Oregon’s graduated licensing program has received much praise in its effectiveness at reducing crash rates for teen drivers. Given this success, I propose that the state continue to lead the nation in driver preparedness by instituting mobility education, starting at the elementary school level. This recommendation focuses on the state level because the Oregon Department of Transportation already handles driver education within the state. Furthermore, instituting this novel idea as a pilot program within the state will allow for gradual adoption and flexibility in implementation.
These educational programs start when children are between 10 and 11 years old (1). Another program, implemented in Germany, has age-specific stages, such as safety skills (grades 1-6), social & environment impact (grades 7-10), and sustainable mobility (grades 11-13) (2).
The value of this education extends into many areas. According to a German report on mobility education, many accident statistics involving children point to a lack of development as the root cause (2). Actively engaging children and young people in their transportation choices and environment helps encourage healthy habits and cognitive development that extend into adulthood.
Driver’s education in the United States currently focuses on one mode of transportation, the all-powerful automobile. Furthermore, many driver’s education programs are just geared towards preparing the student to successfully pass the licensing test (3), and are less concerned with development and other modes of transportation. Instituting mobility education expands the topic coverage, focusing on all modes of transportation and putting a greater emphasis on awareness, safety, and interaction between modes.
The growth of non-automobile forms of transportation and advocacy for transit-oriented development calls for Oregon to rethink their approach to driver’s education. ODOT’s focus on climate change, sustainability, and active transport should include an exploration of new and innovative programs that focus on less carbon-intensive ways to get around, such as public transit, cycling, and walking (4). A pilot program in mobility education gives ODOT enough flexibility and a short-term commitment to see how this new idea would play out in cities and towns around the state.
Although Oregon could still lead the nation by adopting such a program permanently, we would not be the first state to try out a pilot program. A Washington organization, Mobility Education Foundation, ran a mobility education pilot program at the high school level in 2007 (5). This program was focused on effective and holistic education of teens, building partnerships, and implementing sustainable action. Through legislative action, local initiatives, and market-based approaches, MEF hopes to overhaul Washington’s current system, shifting the focus from drivers to broader mobility education (5).
Critics of this proposal would certainly cite the costs of implementation, even at the pilot program level. With cuts to funding for Safe Routes to School, available pools of money seem to be drying up. However, I feel that this issue is important enough to require attention and funding from the state or federal level. Given that children are involved, legislators should respond enthusiastically to the idea of improving the education and safety of America’s youngest generation.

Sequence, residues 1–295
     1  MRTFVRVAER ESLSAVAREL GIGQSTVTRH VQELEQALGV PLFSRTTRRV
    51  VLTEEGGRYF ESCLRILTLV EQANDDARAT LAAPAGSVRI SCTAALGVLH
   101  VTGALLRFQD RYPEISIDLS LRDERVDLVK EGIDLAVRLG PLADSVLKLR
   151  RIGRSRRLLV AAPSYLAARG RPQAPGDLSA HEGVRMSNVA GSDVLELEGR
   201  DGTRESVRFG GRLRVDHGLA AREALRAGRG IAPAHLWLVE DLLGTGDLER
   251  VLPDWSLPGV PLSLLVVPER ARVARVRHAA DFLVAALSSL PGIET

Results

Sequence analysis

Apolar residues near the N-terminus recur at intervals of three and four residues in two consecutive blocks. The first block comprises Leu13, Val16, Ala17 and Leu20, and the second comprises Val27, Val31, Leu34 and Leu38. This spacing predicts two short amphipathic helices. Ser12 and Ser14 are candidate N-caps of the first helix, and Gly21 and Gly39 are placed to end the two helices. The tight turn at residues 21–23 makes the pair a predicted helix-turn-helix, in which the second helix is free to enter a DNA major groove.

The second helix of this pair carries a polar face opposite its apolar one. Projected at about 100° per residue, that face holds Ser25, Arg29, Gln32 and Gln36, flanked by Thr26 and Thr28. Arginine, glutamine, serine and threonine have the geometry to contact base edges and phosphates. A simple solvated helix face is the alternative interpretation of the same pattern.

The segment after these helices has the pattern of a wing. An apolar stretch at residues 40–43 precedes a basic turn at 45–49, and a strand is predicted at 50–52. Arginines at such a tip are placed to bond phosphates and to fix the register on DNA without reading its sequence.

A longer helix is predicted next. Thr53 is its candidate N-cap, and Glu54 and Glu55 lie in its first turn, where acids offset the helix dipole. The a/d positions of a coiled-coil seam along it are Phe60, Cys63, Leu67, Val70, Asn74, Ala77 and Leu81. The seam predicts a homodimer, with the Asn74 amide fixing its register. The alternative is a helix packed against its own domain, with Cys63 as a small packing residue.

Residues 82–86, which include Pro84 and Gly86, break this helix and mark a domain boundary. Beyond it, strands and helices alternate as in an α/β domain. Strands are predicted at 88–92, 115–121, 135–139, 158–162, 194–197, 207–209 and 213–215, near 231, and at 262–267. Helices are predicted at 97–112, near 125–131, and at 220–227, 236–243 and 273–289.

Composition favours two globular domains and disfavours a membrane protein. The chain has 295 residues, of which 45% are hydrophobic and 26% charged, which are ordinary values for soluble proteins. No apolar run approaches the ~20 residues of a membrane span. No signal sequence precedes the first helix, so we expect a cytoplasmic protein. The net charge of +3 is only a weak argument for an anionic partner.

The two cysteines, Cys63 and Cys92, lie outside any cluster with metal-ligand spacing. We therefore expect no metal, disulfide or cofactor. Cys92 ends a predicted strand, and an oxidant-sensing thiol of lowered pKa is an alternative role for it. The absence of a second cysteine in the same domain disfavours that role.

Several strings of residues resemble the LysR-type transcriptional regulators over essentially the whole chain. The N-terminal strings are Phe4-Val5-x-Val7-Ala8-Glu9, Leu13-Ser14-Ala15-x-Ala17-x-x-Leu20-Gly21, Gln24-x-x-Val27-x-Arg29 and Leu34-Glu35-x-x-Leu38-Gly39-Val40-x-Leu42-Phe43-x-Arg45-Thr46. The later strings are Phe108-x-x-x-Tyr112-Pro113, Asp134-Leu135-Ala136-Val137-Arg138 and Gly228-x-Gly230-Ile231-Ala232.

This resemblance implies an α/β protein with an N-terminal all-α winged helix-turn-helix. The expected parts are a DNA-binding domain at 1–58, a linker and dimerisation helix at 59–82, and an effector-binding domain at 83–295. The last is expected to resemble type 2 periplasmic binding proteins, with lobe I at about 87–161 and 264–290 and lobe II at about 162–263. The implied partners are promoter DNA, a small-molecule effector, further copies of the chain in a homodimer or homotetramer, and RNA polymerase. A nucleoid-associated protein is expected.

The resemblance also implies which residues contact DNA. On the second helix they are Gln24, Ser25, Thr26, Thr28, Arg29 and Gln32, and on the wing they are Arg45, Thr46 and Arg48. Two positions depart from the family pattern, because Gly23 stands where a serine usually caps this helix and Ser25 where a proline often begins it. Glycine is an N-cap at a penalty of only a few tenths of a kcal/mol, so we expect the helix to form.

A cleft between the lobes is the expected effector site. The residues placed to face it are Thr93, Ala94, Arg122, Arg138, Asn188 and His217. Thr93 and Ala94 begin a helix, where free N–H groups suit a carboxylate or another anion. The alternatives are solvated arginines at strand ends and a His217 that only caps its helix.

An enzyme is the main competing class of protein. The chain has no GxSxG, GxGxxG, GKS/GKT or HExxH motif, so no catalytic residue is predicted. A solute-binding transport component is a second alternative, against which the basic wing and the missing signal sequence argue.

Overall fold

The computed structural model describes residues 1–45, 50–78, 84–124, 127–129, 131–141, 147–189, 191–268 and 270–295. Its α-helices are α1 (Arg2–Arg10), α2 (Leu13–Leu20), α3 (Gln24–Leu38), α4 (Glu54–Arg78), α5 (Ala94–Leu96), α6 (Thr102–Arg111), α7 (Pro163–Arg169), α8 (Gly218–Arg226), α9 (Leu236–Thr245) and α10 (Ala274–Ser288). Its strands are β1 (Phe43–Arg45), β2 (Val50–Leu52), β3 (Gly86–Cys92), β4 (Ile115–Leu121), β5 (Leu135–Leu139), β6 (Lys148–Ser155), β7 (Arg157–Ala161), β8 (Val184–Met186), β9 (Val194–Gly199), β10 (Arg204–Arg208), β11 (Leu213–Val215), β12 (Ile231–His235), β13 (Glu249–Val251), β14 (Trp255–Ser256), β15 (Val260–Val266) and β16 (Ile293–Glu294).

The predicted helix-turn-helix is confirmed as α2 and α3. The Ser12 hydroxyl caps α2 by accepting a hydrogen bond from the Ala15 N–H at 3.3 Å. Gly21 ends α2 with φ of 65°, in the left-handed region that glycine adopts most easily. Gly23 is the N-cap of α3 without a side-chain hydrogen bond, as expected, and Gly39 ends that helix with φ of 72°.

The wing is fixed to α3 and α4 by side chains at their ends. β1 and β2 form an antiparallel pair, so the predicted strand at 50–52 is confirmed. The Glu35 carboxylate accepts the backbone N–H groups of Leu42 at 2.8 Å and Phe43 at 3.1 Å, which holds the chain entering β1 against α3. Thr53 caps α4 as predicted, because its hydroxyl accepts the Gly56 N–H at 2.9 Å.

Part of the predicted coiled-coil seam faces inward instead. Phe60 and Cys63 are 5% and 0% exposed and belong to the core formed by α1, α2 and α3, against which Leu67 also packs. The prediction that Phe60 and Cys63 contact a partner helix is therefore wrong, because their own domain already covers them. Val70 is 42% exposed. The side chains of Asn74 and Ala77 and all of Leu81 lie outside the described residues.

In addition to this idea’s appeal based on safety for children, mobility education has much broader impacts related to obesity, sustainability, and equity. Focusing on other modes of transportation other than the automobile exposes children to active transport at a younger age. Developing these habits early, in an educational framework, can help children understand the benefits of walking and cycling, as well as the interactions these modes have with public transit and driving. Germany’s multi-staged approach (2) gives children and young people a much deeper understanding of many aspects of sustainability. Mobility education has the potential to feature an interdisciplinary approach that would help increasing children’s understanding of these complex topics.
Regarding equity, mobility education focuses on more affordable modes of transportation and could provide more cultural and community-specific lessons regarding these options. In a perfect world, this educational program would go hand-in-hand with infrastructure improvements for public transit, cycling, and walking. These changes should focus on areas with the most need, dispersing high-quality infrastructure across the state.
Oregon includes a wide variety of rural, urban, and suburban communities. Mobility education should not take a “one-size-fits-all” approach. Instead, ODOT’s pilot program would allow different jurisdictions to try out programs they deem appropriate for their community, within the boundaries of mobility education’s core values and goals. By starting small, ODOT can test out and refine what programs are most feasible in certain conditions and areas. Simply embracing the idea and trying out a more holistic, less auto-focused educational program has the potential to improve Oregon in many ways. With the success of this pilot program, Oregon could continue using innovative approaches that address real concerns of safety, education, sustainability, equity, and public health.